Alexander Gordon Smith

Furnace, Book2

Faber (2009)

ISBN: 9780571240913

Reviewed by Kaitlyn Fall, May 2010

Furnace: Solitary is the second book in the Furnace series by Alexander Gordon Smith, and it is just as grotesque, horrifying and gripping as the first one… possibly more so.

Alex thought he had made it out of the Furnace forever, but his escape proved to be a failure, and he is dragged back into hell without so much as a glimpse of the outside world. This time, however, he is thrown into solitary confinement, and is living out the tortures of his mind while waiting for the repulsive Wheezers to collect him and turn him into the monsters many of his cellmates have become. But there are other creatures out there beneath Furnace, some helpful and some more terrifying than anything he’s come across. It’s only with the aid of some new friends that Alex is given one more chance to attempt escape.

The first book in this series gave me nightmares. The second one probably will, too. Horror is certainly not my genre. And yet, here I am, devouring these books and about to start on the third. I think perhaps it’s the protagonist that keeps me going. Smith has created a well-rounded, flawed, and believable character who has continued to struggle against odds bigger than anything I’ve ever read. It’s only by being in Alex’s head, feeling his desperation, hope, and at times, utter defeat, that I have found these books readable. His determination and will is stronger than any character I’ve come across, and for that, I will continue to pick up the series. That, and I want to find out what the hell the Wheezers are doing to the extremely unfortunate (adolescent) inmates. I sincerely hope Smith delivers a believable explanation.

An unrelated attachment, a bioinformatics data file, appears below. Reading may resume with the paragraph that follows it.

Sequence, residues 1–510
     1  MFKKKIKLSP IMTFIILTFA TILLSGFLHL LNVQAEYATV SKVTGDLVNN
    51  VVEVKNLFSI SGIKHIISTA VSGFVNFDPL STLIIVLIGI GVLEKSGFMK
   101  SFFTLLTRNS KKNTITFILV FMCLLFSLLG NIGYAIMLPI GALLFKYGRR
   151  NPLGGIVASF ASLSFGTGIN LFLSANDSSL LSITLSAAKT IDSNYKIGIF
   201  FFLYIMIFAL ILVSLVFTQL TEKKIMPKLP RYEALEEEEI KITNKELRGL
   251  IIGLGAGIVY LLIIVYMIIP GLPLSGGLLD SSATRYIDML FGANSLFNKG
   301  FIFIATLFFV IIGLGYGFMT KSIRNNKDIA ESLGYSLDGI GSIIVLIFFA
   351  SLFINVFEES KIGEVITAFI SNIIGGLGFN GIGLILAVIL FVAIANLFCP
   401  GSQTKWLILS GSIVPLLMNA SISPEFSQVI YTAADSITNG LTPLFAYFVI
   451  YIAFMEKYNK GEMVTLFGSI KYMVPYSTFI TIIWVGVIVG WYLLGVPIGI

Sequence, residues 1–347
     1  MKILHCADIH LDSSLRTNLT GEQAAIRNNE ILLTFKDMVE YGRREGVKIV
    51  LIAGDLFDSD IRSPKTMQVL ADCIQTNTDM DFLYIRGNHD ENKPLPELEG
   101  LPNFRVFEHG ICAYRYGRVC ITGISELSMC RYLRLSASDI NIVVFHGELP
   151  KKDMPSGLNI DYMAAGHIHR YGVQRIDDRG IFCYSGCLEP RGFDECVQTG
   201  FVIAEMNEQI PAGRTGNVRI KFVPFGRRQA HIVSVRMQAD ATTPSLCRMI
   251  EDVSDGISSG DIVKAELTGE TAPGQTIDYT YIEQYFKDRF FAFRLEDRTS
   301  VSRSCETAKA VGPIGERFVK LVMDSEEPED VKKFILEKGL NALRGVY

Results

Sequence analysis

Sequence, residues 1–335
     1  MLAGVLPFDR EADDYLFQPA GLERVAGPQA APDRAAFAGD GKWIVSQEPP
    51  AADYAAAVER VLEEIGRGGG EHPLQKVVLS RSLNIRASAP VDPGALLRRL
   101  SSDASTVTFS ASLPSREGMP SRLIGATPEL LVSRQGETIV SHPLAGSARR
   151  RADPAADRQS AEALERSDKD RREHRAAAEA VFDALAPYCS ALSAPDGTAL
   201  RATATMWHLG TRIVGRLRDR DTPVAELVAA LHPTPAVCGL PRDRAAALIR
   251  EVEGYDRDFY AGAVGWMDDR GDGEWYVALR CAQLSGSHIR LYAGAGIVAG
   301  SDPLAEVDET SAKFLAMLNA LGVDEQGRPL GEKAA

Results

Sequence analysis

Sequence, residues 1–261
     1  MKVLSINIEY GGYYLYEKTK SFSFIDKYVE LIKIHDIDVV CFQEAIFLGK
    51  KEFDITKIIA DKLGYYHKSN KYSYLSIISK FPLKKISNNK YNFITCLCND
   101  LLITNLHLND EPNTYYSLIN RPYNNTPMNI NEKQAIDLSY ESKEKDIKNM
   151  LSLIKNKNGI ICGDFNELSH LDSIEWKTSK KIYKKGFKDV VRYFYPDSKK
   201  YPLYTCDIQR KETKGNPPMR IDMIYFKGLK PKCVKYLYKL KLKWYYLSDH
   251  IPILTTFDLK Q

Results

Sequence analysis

As with the last book, I would warn anyone who is squeamish to stay away. There are scenes that will make you lose your appetite. I certainly wouldn’t recommend the books for young adult. But, if you’re into the twisted and gruesome, or if just you want to know how to make a story gripping while keeping the main character in solitary confinement for most of the time, then this book is worth a read.